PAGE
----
Just as he thinks it’s all over though, that’s when he makes a startling discovery.
Alternating between Faller’s narrative and flashbacks to the lives of a group of scientists in the months leading up to Day One, McIntosh weaves a twisted tale of a world literally shattered—by war and by warped physics. Faller is a bizarre book and it admittedly requires no small amount of patience if you want to get down to the bottom of this mystery. On the face of it, I can understand why the author decided to structure the novel this way, but it also gave rise to many distractions and interrupts to the flow of both past and present stories. I also found myself more drawn to flashback chapters because that was where you would find the meat of the “science fiction” in this book, while the Faller sections were weirder and more confusing. Still, the mystery was tantalizing enough that at no point did I ever want to stop reading; I knew that the further I got, the more the clues will start leading to answers.
However, quantum physics and mechanics have never really been my favorite topic in sci-fi. While I enjoy reading about the science and theory, a lot of books that seek to tackle it often don’t do a satisfying job with the details. This is a problem I ran into with Faller. A lot of the scientists’ experiments and the scientific phenomena described in this book aren’t well explained, and in many instances you just have roll with it. If you don’t mind that a lot of the science is glossed over and rushed, this shouldn’t be too much of an issue. Otherwise, the many plot holes and questions left by logical gaps will make this one tough to get into.
But even with its implausible premise, I thought Faller offered a fun and engaging experience. You only have to see how quickly I devoured this book to know that. This is the fourth novel I’ve read by Will McIntosh, and even though it wasn’t my favorite of his, there’s definitely a reason why he will always be on my must-read list. While he admitted in the acknowledgements that this was a challenging novel to write, I’m glad he’s continuing to push the boundaries and experiment with bold ideas. I’ll always read anything he writes....more
If Dan Simmons’ The Terror and The Fold by Peter Clines had a lovechild, I’d like to think the results would look a lot like Stranded. At first this book reads like a suspense-thriller with heavy shades of paranormal horror, but then we get a twist around the halfway point that arguably plunges it into sci-fi territory. And that’s when things starts to get really wild and interesting.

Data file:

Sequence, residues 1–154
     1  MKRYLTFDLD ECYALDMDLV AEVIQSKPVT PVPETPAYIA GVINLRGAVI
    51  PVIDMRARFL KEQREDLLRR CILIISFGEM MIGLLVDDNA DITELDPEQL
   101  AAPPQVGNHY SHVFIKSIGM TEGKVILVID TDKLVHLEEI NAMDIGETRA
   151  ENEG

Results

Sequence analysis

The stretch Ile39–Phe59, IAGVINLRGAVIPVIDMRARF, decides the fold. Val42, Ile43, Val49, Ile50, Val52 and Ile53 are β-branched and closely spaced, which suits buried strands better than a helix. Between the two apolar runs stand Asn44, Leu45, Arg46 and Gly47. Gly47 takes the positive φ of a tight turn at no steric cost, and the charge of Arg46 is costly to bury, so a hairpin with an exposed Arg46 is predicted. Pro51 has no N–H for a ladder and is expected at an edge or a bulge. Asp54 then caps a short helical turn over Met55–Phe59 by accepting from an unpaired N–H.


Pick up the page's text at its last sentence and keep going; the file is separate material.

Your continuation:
The story follows the crew of the Arctic Promise, a platform supply vessel for an oil rig in the Chukchi Sea. The main character Noah Cabot, ostensibly just a simple deckhand, also appears to be the resident whipping boy for everything that goes wrong aboard the ship, and we soon discover why: the ship’s master is William Brewster, Noah’s father-in-law from hell. The older man has never forgiven Noah for marrying his beloved daughter Abby, and has set out to make our protagonist’s life as miserable as possible by turning most of the crew against him. With few allies, Noah knows he has no other choice but to keep his head down and do the work.
But then one night, everything changes. After weathering through a particularly nasty storm, the Arctic Promise finds itself lost in a sea of fog with its navigation and communication systems down. What’s worse, once the visibility clears, the crew discovers that somehow their ship has gotten itself beset in second-year ice that stretches as far as the eye can see—an impossibility, given how they were just sailing in open water hours before. Things keep going downhill as one by one, the men on the ship are incapacitated by an unknown wasting sickness. Even Noah, who has remained relatively healthy, is not immune to some of its side effects which include the ghostly shadows that men are reporting to see in the corner of their visions. With none of the equipment on the ship working, the crew’s only hope is a mysterious structure they can barely spy in the distance, separated from them by an ocean of thick ice.
Stranded may have started with a heart-thumping opening sequence in which readers are thrown into the midst of a storm, but then the story pulls back a little as MacLeod gradually doles out the details of our maritime setting and establishes the protagonist’s situation aboard the ship. This book is like a ride that starts off slow, focusing first on the element of human drama and making us wonder why everyone on the Arctic Promise seems to have it out for Noah. As it turns out, Brewster’s grudge against him over Abby is only one half of the puzzle; the other has to do with a shocking incident that took place around a year ago while our main character was on the job. Hence the author spends a lot of time weaving the past into the present narrative, but seeing as how both points will come back to haunt Noah in a big way later on in the novel, all that measured build-up turned out to be worth it.